Next, I pick vegetables. Today I had a butternut squash that I quartered and baked ( I can cube it or mash it for meals), I had a daikon radish, carrot, onion, and garlic that I cut into 1/4” slices and baked with a bit of oil, thyme and sea salt….yum! (And there’s no way during a busy week that that daikon radish would get sliced and cooked…it would be heading to the dumpster if I hadn’t cooked it!). I threw in 4 potatoes to bake for my husband and daughter (I’m avoiding nightshades at the moment). I don’t think my husband would think of baking a potato during the week, but if I bake them, he’ll mash them, so that’s an easy one, esp. since I have the oven going!). If I have any greens, I’ll wash them and bag them. One less step means I’m more likely to toss them in a bowl with some dressing and eat them!

Protein is an important one to remember! I pick two, today I am baking some chicken breast to later slice for sandwiches, dice into a chicken/noodle salad (using the rice noodles I cooked….see, it all comes together!) and salmon, which we can eat whole, or cut for a tuna like salad. I like to mix it in with Veganaise ( a mayonnaise substitute, it’s low in cholesterol and egg-free, I’m allergic to eggs).

After cooking all my items, I let them cool, and of course sample them! Then, put them in containers and store them. It’s like having a buffet in your fridge!

Right now, my Food Prep Days are Sunday, a weekend day, so I’m likely to at least get that one in, and Wednesday, middle of the week, so I replenish until Sunday. Most times, my husband occupies our daughter while I do this, but other times, she helps me with part of it, or I plan our day so that I wear her out (play, go to the park, swim, etc…), then come home and cook while she watches a movie or draws. So, it can be done. I’ve even done it late at night, because it really makes life so much easier.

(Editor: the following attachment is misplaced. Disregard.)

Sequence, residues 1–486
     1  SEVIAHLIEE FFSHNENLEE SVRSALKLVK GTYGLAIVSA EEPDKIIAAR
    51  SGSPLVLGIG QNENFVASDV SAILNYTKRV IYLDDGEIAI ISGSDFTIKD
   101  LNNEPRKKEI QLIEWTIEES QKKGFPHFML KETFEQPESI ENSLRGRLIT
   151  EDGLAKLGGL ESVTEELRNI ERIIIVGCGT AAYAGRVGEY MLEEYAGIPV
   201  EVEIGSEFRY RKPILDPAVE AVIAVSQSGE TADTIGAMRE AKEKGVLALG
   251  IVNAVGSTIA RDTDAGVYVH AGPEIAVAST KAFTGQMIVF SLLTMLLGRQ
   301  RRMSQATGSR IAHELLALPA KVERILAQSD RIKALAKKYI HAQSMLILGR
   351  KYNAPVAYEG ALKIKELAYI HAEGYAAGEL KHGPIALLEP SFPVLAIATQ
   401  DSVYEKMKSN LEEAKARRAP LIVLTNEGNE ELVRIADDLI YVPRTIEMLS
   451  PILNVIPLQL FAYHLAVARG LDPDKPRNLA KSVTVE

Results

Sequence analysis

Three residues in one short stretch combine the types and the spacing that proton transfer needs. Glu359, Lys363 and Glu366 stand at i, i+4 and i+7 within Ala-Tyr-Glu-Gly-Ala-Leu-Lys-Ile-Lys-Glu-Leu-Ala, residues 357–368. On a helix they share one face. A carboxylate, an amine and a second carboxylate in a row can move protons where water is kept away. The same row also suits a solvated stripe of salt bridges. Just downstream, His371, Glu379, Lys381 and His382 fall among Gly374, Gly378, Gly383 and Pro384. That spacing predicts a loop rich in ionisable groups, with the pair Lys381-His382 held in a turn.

So, the benefits of Food Prep Day are having healthy home cooked meals at the ready, cutting your grocery bill by up to half, wasting less perishable food, and having respect for our environment, plants, and animals that we consume! Remember, that prepared and packaged foods have far more calories, fat, and unhealthy ingredients in them. Eating home cooked meals can also help you lose weight and have healthier skin and hair!

Now my food is all prepped, I can go out and enjoy the amazing fall day and when I get home, I will have a bounty of good food to choose from to replenish myself! Let’s hear it for Food Prep Day, start yours today! -Amy Roemer October 10, 2010

Cuckoo for Coconuts!

Posted in Articles, Uncategorized on September 9th, 2010 by admin – Be the first to comment

Coconuts, we’ve seen them as the savior on many a film or tv program, think Gilligan and the Skipper, too! Tom Hanks in Cast Away! Sometimes referred to as a tropical fruit, others say it is a tree nut. In any case, it packs a lot of nutritional punch. Coconuts provide protein, vitamins B and C, calcium, Iron, and phosphorus, as well as a healthy fat, essential for good health.